The Gifted Learning Center was built for students whose giftedness makes the public school system less than optimal.
Our entrance criteria reflect the needs of this population. Instead of an IQ cut off, we invite students to join us for a trial period of observation to test for goodness-of-fit. Also, we screen the child’s characteristics at entry, gather potentially relevant information from home and former schools, and if indicated, make observations at the student’s present school.
We are looking for differences in one or more domains of competence: developmental potential, actual competencies (initial or entry level of development or learning competence), self-regulatory capabilities, and learning styles (magnitude of learning steps and use of meta-cognitive strategies).
This is what “Gifted” may look like:
The primary sign of this intensity is a surplus of energy. Children with a dominant psychomotor overexcitability are often misdiagnosed with ADHD since characteristics are similar.
The primary sign of this intensity is a heightened awareness of all five senses: sight, smell, taste, touch, and hearing. Children with a dominant sensual overexcitability can get sick from the smell of certain foods or as toddlers will hate to walk on grass in their bare feet. The pleasure they get from the tastes and textures of some foods may cause them to overeat.
This intensity is the one most recognized in gifted children. It is characterized by activities of the mind, thought and thinking about thinking. Children who lead with this intensity seem to be thinking all the time and want answers to deep thoughts. Sometimes their need for answers will get them in trouble in school when their questioning of the teacher can look like disrespectful challenging.
The primary sign of this intensity is the free play of the imagination. Their vivid imaginations can cause them to visualize the worst possibility in any situation. It can keep them from taking chances or getting involved in new situations.
The primary sign of this intensity is exceptional emotional sensitivity. Children with a strong emotional overexcitability are sometimes mistakenly believed to have bipolar disorder or other emotional problems and disorders. They are often the children about whom people will say, "He's too sensitive for his own good."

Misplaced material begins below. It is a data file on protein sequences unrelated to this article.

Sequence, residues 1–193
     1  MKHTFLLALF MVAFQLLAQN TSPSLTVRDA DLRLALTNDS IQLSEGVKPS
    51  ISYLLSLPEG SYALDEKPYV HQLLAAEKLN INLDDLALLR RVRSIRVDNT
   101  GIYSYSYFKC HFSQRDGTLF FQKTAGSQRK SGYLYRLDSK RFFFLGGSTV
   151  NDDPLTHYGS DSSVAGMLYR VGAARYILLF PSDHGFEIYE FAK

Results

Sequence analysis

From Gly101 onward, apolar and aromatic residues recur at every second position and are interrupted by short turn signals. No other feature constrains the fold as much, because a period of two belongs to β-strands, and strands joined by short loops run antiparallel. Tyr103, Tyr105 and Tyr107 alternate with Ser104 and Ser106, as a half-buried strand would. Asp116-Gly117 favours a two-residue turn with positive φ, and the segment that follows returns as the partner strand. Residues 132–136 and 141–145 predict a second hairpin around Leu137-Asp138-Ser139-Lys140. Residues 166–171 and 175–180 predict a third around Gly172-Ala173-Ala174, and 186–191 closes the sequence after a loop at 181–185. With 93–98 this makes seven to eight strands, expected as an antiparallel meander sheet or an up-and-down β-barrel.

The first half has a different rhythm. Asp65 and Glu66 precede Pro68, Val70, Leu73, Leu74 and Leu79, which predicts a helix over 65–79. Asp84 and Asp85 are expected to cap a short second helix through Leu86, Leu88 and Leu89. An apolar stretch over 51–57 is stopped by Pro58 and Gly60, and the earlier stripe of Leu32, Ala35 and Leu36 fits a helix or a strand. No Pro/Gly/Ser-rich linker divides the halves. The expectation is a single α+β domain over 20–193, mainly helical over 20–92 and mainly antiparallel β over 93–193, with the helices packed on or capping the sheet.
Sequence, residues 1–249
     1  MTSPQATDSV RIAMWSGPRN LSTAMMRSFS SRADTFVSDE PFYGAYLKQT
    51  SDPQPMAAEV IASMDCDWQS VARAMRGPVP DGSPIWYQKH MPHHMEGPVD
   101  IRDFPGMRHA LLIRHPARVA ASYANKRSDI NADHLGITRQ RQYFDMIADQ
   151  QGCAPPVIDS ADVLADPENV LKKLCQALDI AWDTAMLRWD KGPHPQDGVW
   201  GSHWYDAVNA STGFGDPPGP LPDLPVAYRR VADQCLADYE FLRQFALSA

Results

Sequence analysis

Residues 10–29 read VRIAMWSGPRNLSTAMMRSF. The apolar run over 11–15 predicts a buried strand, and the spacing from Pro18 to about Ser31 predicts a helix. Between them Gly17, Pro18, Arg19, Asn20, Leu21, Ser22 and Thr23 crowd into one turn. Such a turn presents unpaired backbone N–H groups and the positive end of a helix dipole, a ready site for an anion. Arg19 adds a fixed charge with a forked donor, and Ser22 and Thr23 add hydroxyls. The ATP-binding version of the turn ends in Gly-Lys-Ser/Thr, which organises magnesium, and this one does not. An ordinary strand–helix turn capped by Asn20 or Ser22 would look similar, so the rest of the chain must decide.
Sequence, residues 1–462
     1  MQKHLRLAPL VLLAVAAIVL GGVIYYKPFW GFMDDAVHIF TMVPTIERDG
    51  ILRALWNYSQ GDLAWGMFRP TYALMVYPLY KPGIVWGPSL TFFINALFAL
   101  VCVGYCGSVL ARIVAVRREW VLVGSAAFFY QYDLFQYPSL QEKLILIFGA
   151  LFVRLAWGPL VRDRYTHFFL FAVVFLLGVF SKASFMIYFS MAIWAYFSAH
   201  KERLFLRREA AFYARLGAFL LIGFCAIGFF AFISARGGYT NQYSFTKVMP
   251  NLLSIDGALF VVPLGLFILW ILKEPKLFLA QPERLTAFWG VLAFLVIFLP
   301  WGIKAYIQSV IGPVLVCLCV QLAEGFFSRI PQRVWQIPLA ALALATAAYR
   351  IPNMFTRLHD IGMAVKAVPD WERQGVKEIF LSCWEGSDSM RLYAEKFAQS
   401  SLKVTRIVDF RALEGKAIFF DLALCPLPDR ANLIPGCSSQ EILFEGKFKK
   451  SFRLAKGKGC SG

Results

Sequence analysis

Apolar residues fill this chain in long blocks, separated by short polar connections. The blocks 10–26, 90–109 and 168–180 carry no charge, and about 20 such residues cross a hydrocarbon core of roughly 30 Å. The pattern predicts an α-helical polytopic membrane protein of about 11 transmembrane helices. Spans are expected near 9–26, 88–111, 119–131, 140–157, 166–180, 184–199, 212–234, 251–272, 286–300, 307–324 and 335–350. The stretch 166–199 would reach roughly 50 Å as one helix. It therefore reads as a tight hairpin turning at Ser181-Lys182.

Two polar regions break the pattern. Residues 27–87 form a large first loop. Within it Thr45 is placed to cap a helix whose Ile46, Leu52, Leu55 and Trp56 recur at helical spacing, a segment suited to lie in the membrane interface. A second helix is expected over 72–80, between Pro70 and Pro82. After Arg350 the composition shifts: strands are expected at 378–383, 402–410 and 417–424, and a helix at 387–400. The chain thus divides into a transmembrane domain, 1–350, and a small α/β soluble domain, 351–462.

Dabrowski, K. (1964). Positive disintegration. Boston: Little, Brown.
A “Powerful Drive to Explore, Master, and Express Themselves” that has been called “an obligatory force of nature” which when given in to can make these kids feel possessed, peculiar and strange.
An “Early Strongly Developed Sense of Self: The Need for Autonomy” which develops early and remains an integral part of their personality. This can cause them to seem headstrong or oppositional and manifests in a desire to have hegemony over all aspects of their lives.
Both “Early, Idiosyncratic Aesthetic Sensibilities” and “Early Concerns With Ethics, Fairness, and Morality: Preoccupations With the Dilemmas of Human Existence” that cause their sense of style, form, beauty and sense of fairness and right or wrong to be very personal and pressing.
Preference for Holistic learning, tendency toward global thinking, they want to understand the "big picture" first and get the details later. They look for meaning and want to understand concepts and what those concepts imply.
Preference for tasks they find interesting, challenging, and relevant to their lives. Assigned tasks that on their face are simple (writing the ABCs repetitively) can be so tedious for gifted learners (whose thought process far outpaces the assigned task) that they can develop stress and often refuse to comply with the required task.
Grobman, J, (2006).Underachievement in Exceptionally Gifted Adolescents and Young Adults:A Psychiatrist’s View, The Journal of Secondary Gifted Education, Vol. XVII, No. 4, Summer, pp. 199–210.